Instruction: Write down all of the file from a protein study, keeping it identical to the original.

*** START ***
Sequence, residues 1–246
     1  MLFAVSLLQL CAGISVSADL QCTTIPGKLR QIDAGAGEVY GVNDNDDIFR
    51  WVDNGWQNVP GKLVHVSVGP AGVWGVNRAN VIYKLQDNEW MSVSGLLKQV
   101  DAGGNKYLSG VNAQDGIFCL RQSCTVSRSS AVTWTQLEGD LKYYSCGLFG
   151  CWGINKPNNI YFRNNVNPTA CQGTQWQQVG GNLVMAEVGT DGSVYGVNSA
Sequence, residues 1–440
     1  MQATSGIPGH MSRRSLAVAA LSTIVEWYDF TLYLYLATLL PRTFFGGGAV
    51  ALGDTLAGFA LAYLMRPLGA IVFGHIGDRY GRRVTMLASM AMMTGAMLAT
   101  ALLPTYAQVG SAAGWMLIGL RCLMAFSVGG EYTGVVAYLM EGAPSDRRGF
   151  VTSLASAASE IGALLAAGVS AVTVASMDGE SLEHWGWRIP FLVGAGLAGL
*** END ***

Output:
Sequence, residues 1–246
     1  MLFAVSLLQL CAGISVSADL QCTTIPGKLR QIDAGAGEVY GVNDNDDIFR
    51  WVDNGWQNVP GKLVHVSVGP AGVWGVNRAN VIYKLQDNEW MSVSGLLKQV
   101  DAGGNKYLSG VNAQDGIFCL RQSCTVSRSS AVTWTQLEGD LKYYSCGLFG
   151  CWGINKPNNI YFRNNVNPTA CQGTQWQQVG GNLVMAEVGT DGSVYGVNSA
Sequence, residues 1–440
     1  MQATSGIPGH MSRRSLAVAA LSTIVEWYDF TLYLYLATLL PRTFFGGGAV
    51  ALGDTLAGFA LAYLMRPLGA IVFGHIGDRY GRRVTMLASM AMMTGAMLAT
   101  ALLPTYAQVG SAAGWMLIGL RCLMAFSVGG EYTGVVAYLM EGAPSDRRGF
   151  VTSLASAASE IGALLAAGVS AVTVASMDGE SLEHWGWRIP FLVGAGLAGL